Said spaces are at opposite ends of the size scale. Living in the countryside, Alex has what I call a “proper” garden, which has a vegetable garden, flower beds, and actual space for running around and games and parties whilst the sun slides behind the fields. I, on the other hand, have a tiny London garden, big enough for a table for two, a bench, clambering pink roses, lavender bushes, pots of herbs and a jasmine arch. I admit that when the weather is like this, I eye Alex’s set-up with some envy.
But what we share, despite the disparity in plot size, is the desire to get outside. In the mornings, I throw open the doors and windows to let in the cool morning air and – in an ideal set-up – pottering with my coffee before the morning rush ensues. In the evening, we dine al fresco. You may have seen on our Stories that Alex had a dinner party in the garden last weekend – with honeycomb balls in the trees and a table setting to gladden the heart.
You don’t need the excuse of a midsummer party to make your outside space as inviting as possible. Adopt the cliche of thinking of it like another room (particularly if your house errs on the smaller side, like mine. I apply this to balconies, too, btw. Have outside space, will zhuzh.)
So, string up some lights (I have solar-powered fairy lights in my apple tree (try Homebase or Amazon – we also have these large lightbulbs which you can find in good old Aldi). Buy some new garden furniture (this Habitat bistro set is a bargain, or head to Cox & Cox for something more traditional). Alternatively, give an old one a lick of paint; opt for some generous cushions (something like this, perhaps?) so people (even if that’s just you and a book) can lounge. Light some candles (situated inside storm lamps – see below – so they don’t splutter out at the slightest provocation) and eat outside. I like to set the table with an actual tablecloth and proper crockery because, well, it looks nice and that makes me happy. Which is, after all, what your garden ought to be about.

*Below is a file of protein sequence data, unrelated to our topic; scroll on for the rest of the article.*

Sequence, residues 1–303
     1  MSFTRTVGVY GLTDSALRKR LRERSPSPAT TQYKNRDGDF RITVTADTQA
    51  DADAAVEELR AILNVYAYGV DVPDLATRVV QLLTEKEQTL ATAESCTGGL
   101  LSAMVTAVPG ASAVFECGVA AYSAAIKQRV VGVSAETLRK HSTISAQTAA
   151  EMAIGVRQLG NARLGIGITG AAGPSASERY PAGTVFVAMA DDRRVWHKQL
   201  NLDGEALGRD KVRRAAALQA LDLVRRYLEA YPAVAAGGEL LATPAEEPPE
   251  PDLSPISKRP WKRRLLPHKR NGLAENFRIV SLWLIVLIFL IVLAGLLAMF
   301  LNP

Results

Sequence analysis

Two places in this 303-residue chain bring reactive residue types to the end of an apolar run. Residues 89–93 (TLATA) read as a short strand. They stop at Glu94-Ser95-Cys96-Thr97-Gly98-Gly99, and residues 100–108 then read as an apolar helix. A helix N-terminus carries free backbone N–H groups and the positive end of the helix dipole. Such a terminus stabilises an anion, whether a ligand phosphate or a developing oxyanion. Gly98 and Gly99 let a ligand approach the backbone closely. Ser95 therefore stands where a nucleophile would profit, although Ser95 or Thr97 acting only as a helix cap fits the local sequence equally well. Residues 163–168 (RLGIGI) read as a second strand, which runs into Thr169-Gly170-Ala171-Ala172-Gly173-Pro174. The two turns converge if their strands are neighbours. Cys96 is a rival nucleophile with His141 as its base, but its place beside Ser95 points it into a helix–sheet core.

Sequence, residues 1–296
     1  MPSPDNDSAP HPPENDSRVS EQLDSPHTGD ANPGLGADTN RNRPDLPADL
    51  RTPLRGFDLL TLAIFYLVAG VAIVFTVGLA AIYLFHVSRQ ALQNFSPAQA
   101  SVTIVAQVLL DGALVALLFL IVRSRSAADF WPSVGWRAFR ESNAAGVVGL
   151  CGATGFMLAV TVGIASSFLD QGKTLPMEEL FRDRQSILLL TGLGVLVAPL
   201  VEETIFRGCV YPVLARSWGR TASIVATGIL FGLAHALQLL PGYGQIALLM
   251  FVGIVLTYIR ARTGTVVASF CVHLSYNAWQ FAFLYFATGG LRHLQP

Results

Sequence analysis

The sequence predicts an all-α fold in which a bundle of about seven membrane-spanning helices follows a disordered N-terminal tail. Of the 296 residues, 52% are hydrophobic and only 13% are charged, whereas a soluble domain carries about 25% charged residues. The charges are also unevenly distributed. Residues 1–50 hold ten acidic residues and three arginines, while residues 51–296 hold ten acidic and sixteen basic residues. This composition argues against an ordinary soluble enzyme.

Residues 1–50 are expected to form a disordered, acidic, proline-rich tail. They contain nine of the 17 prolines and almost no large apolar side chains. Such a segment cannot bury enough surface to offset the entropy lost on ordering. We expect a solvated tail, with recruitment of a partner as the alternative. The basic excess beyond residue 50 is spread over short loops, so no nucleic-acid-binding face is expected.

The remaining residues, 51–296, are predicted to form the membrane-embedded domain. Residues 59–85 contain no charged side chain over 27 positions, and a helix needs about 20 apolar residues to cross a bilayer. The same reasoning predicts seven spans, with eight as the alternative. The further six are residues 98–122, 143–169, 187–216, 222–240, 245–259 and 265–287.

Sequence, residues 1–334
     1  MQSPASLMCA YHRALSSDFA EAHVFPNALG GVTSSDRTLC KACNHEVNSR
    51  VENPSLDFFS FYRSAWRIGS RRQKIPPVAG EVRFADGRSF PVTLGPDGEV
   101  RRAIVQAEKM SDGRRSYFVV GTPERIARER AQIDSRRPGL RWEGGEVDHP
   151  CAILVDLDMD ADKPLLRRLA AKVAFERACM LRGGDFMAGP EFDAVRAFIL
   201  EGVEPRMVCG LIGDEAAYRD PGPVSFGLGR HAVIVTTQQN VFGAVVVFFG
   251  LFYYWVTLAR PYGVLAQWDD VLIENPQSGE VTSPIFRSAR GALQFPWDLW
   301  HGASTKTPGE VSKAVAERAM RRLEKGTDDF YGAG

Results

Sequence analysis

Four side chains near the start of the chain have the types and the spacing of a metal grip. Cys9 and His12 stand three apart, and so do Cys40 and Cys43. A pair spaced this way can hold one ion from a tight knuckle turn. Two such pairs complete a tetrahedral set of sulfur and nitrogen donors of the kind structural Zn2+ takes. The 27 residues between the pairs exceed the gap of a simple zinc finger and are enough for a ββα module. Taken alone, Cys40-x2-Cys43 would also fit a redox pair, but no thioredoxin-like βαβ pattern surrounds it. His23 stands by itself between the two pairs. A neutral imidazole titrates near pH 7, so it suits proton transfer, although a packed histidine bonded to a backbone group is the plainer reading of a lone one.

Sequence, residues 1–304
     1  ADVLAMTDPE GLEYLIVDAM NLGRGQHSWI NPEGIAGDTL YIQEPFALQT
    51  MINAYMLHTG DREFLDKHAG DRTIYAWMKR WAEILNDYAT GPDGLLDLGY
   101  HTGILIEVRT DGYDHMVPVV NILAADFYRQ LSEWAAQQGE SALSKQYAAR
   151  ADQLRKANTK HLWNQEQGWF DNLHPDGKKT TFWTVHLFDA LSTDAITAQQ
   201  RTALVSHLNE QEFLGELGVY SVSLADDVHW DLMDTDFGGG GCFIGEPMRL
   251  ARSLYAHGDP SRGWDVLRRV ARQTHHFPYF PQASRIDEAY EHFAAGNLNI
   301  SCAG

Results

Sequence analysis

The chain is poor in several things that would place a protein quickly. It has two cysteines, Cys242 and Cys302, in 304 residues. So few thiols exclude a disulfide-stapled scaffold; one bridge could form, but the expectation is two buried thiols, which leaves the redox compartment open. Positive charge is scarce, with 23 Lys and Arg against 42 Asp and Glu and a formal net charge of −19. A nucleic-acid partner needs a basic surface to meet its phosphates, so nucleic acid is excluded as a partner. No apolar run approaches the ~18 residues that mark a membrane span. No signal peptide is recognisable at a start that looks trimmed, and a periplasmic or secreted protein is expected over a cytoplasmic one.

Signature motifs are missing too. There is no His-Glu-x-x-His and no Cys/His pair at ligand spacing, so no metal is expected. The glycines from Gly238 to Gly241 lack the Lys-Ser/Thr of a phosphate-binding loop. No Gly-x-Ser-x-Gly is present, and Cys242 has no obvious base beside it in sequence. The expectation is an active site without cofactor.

1. Lanterns, from £55, Linea at House of Fraser; 2. Melamine cups, £14 for a set of 4, Royal Doulton; 3. Cocktail tray, £40, Biba at House of Fraser; 4. Seat cushion, £6.99, H&M Home; 5. Large tealight holder, £17.99, H&M Home; 6. H&M Home; 7. Lemon jug, £6.99, and 8. lemon and watermelon tumblers, £2.99, both H&M Home; 9. Napkins, £25 for a set of 4, and Artisan bowl, £40 for 4, both The White Company; 10. Gingham tablecloths, £9.99-£12.99, Zara Home; 11. Hammock, £83, La Redoute; 12. Striped cushion, £6, H&M Home; 13. Honeycomb balls, £7.50, Not On The High Street; 14. Wrought iron chairs, £235 for 2, La Redoute; 15. Festoon lights, £45, Cox & Cox; 16. Rattan bench, now £243.75, Cox & Cox
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